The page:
It hasn't exactly been smooth sailing for Prime Minister Tony Abbott the last few days, what with the whole knighting a Prince thing, and that situation has been made worse by the seemingly open revolt of various Liberal Party MPs and government backbenchers. One voice has been conspicuously absent, though -- Malcolm Turnbull, who is making geeks across the country jealous with a visit to the Tesla factory in Fremont, California.
Image via Malcolm Turnbull/Facebook
As well as a factory tour, our Communications Minister also took a test drive of a Tesla Model S all-electric luxury sedan. If Malcolm's anything like us, he's a fan of the Model S's ridiculous, ceaseless acceleration. He's a fan of that big, beautiful 17-inch central touchscreen in the dashboard. He's a fan of the 500-odd kilometres of range on a single charge with no carbon emissions. Maybe he'll buy one when he gets back to Oz -- his electorate of Wentworth is a stone's throw from the Supercharger stations at the Star.
Ministers often use their Christmas break to go forth internationally on fact-finding missions, and Turnbull's visit to Silicon Valley makes sense -- it's one of the world's high-tech nexuses and entirely relevant to his job as communications minister in Government. It's also one of the locations that federal Labor MP, Turnbull baiter and Australia Tax prize-fighter Ed Husic visited at the start of this year.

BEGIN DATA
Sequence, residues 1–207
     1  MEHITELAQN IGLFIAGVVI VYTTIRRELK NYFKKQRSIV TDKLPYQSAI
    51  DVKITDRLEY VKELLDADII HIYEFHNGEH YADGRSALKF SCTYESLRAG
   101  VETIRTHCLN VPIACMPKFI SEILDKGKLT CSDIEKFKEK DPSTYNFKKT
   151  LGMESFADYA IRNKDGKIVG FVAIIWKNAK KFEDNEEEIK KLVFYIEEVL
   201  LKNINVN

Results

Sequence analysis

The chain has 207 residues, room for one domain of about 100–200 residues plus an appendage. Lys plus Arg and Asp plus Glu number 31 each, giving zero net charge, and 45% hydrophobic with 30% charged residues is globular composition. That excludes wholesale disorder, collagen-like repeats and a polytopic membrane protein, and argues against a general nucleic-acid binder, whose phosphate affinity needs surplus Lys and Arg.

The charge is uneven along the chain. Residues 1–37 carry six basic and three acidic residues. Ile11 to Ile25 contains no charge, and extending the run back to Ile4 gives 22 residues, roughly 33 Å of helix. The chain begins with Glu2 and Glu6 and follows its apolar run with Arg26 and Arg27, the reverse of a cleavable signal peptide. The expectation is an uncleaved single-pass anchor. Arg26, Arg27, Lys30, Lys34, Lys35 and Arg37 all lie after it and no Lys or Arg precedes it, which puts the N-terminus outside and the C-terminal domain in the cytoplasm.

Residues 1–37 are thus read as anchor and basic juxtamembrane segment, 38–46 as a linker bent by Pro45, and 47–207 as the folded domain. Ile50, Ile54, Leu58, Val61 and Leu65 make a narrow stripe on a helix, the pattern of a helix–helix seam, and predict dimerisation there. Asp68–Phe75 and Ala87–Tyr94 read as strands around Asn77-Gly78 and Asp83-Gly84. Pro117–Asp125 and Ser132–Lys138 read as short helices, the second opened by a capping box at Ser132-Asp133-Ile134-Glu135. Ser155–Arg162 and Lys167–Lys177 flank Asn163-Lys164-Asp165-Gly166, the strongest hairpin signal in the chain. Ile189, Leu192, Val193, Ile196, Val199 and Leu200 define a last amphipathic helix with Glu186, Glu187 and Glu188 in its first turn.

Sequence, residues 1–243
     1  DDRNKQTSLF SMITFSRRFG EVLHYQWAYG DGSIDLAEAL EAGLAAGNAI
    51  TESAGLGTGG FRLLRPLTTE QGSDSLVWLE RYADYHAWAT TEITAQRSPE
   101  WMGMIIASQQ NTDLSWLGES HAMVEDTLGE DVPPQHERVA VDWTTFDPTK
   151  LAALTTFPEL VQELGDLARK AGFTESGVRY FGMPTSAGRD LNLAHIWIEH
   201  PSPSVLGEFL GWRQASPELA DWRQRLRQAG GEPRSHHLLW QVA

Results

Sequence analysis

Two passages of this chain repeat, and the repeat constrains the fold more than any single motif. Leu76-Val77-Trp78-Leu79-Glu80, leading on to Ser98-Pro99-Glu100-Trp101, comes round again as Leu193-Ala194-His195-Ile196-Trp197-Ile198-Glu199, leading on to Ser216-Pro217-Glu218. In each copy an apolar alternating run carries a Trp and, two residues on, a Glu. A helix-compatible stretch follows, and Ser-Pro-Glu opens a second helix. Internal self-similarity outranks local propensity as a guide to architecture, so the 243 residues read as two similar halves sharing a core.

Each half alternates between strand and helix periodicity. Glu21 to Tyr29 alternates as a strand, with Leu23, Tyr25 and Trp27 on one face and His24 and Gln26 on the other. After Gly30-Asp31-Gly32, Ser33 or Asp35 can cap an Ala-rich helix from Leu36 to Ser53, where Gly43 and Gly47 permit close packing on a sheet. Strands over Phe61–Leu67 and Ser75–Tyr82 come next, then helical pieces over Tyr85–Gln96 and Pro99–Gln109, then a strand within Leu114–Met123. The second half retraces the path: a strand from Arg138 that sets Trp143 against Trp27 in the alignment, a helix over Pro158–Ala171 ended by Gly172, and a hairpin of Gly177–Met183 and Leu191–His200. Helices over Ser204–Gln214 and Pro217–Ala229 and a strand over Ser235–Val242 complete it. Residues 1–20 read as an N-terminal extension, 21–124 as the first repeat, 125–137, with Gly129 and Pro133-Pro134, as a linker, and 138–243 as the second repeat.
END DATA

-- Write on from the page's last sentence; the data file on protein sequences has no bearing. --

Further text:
Quoth the Comms Minister:
Visiting the Tesla factory in Fremont, near San Francisco, was a great thrill. The all electric cars are being made in a huge factory that used to belong to GM and Toyota. It shut down and then four years ago Tesla took it over and it went from being an industrial relic to the home of what many regard as the world's fastest and coolest electric car. And many of the workers at Tesla today are auto workers who had been laid off when the old GM/Toyota plant closed. Tesla has gone from employing 500 people to 11,000 in five years. A reminder of how innovation drives jobs.
Walking through the highly automated assembly lines was inspiring, but nothing matched taking a test drive in the latest Tesla S model. This one has a range of 265 miles (about 480 kms) and accelerate to 100 kph in 3.5 seconds. The key of course is the battery technology which is improving all the time both in terms of cost and energy density. Batteries have the potential to revolutionise the energy market, reducing peaking power requirements, optimising grid utilisation of renewables and in some cases enabling consumers to go off the grid altogether. The excitement of technology in the Bay Area is exhilarating.....but not quite as palpable as the jolt you feel when you hit the accelerator!